A: It is important to realize that most of the other manufacturers do not use a true cyclone reclaim separator. They usually use a barrel separator (but commonly misrepresented as a cyclone) that is less expensive to build and is not nearly as efficient (some of the efficiencies are as low as 70%). Some manufacturers only install barrel reclaim systems on their production blast cabinets. This results in the unnecessary replacement of many high wear items when abrasive 150 mesh or larger is used in the cabinet. These same manufacturers offer a wear plate for the barrel separator as an option. An uninformed customer will oftentimes not purchase this option and needlessly replace the separator in a short period of time.

MBA makes a variety of abrasive reclaim separators. Abrasive larger than 150 mesh does not require cyclone reclaim separators for retention or proper abrasive flow inside the cabinet. MBA builds an abrasive reclaim separator that is 99% efficient on particles 150 mesh or coarser and doesn't require 100% of the abrasive exiting the nozzle to flow through the reclaim separator. This is accomplished by storing the abrasive inside the blast cabinet not outside the cabinet. This type of system eliminates the high wear items of the cyclone separator system.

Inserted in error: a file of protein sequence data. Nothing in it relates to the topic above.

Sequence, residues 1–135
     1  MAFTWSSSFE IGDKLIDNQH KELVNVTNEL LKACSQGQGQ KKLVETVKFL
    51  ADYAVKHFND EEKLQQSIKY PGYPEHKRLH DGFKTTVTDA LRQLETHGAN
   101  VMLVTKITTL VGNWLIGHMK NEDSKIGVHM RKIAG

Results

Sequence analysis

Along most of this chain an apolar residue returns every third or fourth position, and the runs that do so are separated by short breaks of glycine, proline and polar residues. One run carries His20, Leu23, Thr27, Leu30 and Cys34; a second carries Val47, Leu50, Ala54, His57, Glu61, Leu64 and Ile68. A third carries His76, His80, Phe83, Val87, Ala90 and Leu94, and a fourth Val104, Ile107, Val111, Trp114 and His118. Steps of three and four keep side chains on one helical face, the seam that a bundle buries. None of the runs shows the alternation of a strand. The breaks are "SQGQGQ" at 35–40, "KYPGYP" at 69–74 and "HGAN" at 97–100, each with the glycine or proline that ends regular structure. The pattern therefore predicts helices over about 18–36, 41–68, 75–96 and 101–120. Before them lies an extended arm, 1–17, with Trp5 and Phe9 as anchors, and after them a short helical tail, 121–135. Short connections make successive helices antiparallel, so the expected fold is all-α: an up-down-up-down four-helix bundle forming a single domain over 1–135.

MBA builds a cyclone reclaim separator for ultra fine abrasives (150 mesh and smaller). Our cyclone has the highest efficiency in the industry. It is 99% efficient for abrasives sized from 150 mesh to 400 mesh. The frictional wear of ultra-fine abrasives is significantly less than larger abrasives so replacement of wear items is virtually non-existent. The cyclone separator is also used to dry and make the fine abrasive flow. MBA's high-efficiency cyclone is 80% efficient on abrasive 1-5 micron in particle size.

MBA also builds a barrel separator that is used in applications that require a larger abrasive to be conveyed outside the blast cabinet for recycling. This condition can exist when the cabinet blast chamber is large. Using the barrel separator with the larger abrasive produces a more serviceable pneumatic abrasive conveyor.

Q: Why does MBA brace the cabinet legs? If the legs are going to be braced, why not use full sheets of steel? Back to Top